There are a whole bunch of reasons that using linear regression is wrong when you have a binary dependent variable, and the fact that it is flat not a linear relationship is just one of those.

Now, if I were an ancient Greek, I would include a lot of geometric examples, not really proofs. If I were an ancient Greek that had access to JMP 8 software I might include another variable graphed against probability and say, “Looky here”, or however you say that in Greek.

This is a very important point – Greek or not – even though the relationship charted above is very high – R-squared = .78 to be precise, it is clearly not a linear relationship. It is an S-curve and it looks very much like a logistic relationship.

Three very important points emerged from this:

1. The potential to teach kids the basic understanding of some of the more abstract concepts of mathematics by pictures. I can see how you could start with these graphs and do a linear relationship, then log one variable, log both and start to see the different types of pictures. Those Greeks were on to something. Too bad they didn’t have JMP. Never know what they could have achieved. (Click here for link to random JMP page.)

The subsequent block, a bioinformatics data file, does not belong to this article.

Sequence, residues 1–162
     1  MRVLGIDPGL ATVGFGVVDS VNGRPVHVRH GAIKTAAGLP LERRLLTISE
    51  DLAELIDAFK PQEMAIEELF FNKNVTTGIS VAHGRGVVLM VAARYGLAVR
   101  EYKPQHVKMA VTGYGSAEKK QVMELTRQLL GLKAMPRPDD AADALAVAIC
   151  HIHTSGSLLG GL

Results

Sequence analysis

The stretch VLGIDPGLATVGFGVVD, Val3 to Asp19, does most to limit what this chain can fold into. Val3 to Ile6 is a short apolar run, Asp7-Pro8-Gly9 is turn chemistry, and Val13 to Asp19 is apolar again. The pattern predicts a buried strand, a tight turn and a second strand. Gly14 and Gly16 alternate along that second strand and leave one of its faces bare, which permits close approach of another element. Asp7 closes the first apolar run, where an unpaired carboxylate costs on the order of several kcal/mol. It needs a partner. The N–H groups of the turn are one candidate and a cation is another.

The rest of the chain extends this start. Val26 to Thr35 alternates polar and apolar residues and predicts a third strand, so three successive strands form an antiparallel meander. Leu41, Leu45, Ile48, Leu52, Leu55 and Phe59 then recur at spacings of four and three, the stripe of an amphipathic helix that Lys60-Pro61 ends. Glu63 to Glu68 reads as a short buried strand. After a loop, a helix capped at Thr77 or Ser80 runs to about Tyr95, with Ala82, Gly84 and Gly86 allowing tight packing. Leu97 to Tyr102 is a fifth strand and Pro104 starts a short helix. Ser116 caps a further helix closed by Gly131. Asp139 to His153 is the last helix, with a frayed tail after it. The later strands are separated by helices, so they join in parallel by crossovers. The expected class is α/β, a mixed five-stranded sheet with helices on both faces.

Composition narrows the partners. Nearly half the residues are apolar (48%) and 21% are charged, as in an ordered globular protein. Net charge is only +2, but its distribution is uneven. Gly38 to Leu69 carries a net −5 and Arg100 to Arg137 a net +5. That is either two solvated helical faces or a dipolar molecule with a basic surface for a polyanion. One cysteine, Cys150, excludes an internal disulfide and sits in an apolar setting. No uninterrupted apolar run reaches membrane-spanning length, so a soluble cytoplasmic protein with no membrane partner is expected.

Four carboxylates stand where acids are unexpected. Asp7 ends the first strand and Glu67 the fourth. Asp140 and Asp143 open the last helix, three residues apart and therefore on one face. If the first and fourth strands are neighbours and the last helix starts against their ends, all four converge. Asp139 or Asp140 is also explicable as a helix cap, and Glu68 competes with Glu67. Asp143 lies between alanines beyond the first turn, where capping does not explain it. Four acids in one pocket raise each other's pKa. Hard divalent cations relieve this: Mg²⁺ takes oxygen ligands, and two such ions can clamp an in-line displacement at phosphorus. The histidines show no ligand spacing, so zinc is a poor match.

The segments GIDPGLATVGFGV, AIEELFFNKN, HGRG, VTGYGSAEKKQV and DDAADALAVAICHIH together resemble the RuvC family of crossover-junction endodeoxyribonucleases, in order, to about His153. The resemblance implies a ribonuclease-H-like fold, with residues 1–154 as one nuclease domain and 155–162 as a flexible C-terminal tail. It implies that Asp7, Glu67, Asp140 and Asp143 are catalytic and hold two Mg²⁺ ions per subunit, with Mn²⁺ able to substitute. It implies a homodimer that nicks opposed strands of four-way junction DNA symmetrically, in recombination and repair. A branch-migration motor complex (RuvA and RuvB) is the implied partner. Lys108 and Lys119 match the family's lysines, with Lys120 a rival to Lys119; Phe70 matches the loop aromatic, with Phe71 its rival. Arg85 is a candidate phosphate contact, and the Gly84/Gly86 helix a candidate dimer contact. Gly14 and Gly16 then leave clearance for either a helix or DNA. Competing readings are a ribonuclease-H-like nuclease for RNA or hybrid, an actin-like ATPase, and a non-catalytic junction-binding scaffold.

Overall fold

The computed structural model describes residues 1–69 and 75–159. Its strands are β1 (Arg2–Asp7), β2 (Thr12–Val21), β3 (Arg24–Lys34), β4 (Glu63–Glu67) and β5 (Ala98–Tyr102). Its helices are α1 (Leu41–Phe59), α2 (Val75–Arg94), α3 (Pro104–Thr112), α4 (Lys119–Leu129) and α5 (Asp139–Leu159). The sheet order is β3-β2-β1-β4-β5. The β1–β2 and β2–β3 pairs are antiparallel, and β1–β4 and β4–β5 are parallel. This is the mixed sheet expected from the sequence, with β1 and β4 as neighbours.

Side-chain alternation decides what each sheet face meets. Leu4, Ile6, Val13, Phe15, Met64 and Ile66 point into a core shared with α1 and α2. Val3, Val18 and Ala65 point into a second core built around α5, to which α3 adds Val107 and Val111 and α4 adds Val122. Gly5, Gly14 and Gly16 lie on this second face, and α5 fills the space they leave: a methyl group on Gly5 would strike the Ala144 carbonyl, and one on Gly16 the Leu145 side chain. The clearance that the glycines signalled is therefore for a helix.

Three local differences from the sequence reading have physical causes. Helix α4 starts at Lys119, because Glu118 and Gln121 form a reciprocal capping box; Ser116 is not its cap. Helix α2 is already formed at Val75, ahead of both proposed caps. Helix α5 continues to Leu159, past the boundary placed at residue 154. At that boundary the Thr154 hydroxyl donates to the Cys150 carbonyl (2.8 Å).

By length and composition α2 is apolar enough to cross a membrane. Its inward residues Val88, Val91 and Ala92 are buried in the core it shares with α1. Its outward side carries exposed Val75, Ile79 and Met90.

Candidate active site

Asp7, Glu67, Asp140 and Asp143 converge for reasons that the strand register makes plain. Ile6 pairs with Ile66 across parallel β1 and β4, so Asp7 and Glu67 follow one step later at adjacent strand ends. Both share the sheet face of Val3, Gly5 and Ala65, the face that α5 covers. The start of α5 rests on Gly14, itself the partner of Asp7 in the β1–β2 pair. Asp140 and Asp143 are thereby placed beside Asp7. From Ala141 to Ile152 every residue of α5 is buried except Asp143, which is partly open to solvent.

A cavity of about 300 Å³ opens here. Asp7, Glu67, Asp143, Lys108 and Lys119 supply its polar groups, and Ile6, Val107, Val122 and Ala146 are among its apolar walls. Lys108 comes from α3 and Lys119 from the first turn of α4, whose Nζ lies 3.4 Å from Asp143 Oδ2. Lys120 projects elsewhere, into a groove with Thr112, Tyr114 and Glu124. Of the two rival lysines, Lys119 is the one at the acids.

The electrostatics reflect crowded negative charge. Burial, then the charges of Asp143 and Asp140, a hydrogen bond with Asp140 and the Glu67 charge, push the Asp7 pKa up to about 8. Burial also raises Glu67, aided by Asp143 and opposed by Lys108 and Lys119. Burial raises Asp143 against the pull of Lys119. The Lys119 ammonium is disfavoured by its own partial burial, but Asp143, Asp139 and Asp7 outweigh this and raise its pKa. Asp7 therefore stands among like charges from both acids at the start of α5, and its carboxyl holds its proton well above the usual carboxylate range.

2. The idea of using graphs to teach students is intriguing, and yet I am puzzling how I could drag the world’s most spoiled twelve-year-old away from the Disney channel downstairs and get her to see it that way. The use of graphing calculators in mathematics is not new, but neither does it seem to be particularly effective. This is all fascinating TO ME because I see the end point of making predictions. Perhaps we should spend the first few weeks of mathematics on why what we are about to do is important?
3. I was thinking that I had failed miserably on most of the #reverb10 prompts because, well, frankly, I’m more interested in examining logistic and linear relationships than ruminating on my life. Then, it came to me – what’s the one thing I have come to appreciate in the past year? That I’m married to someone who would wake me up by bringing me coffee in bed and talking about the complete works of Euclid!

# Math and Computer Programming through Black Belt Eyes

December 10, 2010 | 1 Comment

In my misspent youth, I was the first American to win the world judo championships. This came about since I had a propensity to run my mouth off, which often led to fights. Those people who said I better be able to “walk the walk if I was going to talk the talk”. Well, I took them seriously. In retrospect, they probably wish they had instead advised me to just shut the hell up. Too late now.

In a presentation to our judo board of directors, a marketing specialist commented that a major problem was that materials were developed “with black belt eyes”. In other words, we had pictures of flashy throws by top athletes which made us, the black belts, think the person was extremely skilled and reminded us of when we were young athletes. The market analyst said to us,

The reaction of the average person seeing these is either, “ouch! That looks like it hurts!” or “An older person (or younger person or overweight person or out-of-shape person) like me could never do that.”